Jesus in History and Myth

By R. Joseph Hoffmann; Gerald A. Larue | Go to book overview
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John M. Allegro

Jesus and Qumran: The Dead Sea Scrolls


The very category under which this paper is included, "Historical Problems," assumes the self-evidential thesis that there are elements in the Gospel narratives that do not ring true to social and religious conditions as we otherwise know them to have existed in Palestine at the turn of the era. Much of what we have heard and shall hear during the course of this symposium supports this point of view. But any constructive analysis of the New Testament records cannot rest content with a simple arithmetical equation: "Fact" = "the possible" minus "the less likely and downright impossible." That is, if we go on peeling away the skins of improbability from the onion we shall end eventually with a small kernel of historical fact on which to build some new theory about the historical Jesus: who he was, who his parents were, where he was really born and lived, how he spent his formative years, whether he was a well-meaning if somewhat ineffective political subversive, or just a religious reformer who annoyed the Roman and Jewish authorities and paid the price of nonconformity. It has all been done before, and there never seems to be a year that passes without the publication of some fresh, fanciful reconstruction of Jesus' life and death. That kind of speculative exercise may be commercially profitable, but is of no real consequence. For the impact made by Christianity and the church in two thousand years of Western culture owes little to the comparatively trivial circumstances of its supposed founder's birth, life, and death, but much to the strangely compulsive nature of a faith that can turn sinners into saints, and charming old men into "born-again" politicians not entirely averse to blasting the rest of the world into a philosophic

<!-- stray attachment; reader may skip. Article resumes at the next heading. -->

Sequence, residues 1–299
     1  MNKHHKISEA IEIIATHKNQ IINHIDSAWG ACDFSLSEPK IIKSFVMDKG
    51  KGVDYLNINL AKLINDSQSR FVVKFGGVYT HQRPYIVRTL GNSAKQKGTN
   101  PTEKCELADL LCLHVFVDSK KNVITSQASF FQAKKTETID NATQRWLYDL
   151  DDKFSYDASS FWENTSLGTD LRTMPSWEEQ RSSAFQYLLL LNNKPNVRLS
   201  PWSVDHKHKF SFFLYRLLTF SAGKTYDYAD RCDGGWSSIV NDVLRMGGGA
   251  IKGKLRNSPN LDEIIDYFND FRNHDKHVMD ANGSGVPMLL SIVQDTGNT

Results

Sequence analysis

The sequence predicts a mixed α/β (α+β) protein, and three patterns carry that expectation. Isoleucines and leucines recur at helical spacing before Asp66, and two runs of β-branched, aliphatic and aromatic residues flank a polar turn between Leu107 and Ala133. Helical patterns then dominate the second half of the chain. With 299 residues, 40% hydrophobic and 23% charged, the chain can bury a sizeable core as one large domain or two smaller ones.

John Allegro taught at the University of Manchester and was the first British representative on the international scroll-editing team.


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Jesus in History and Myth


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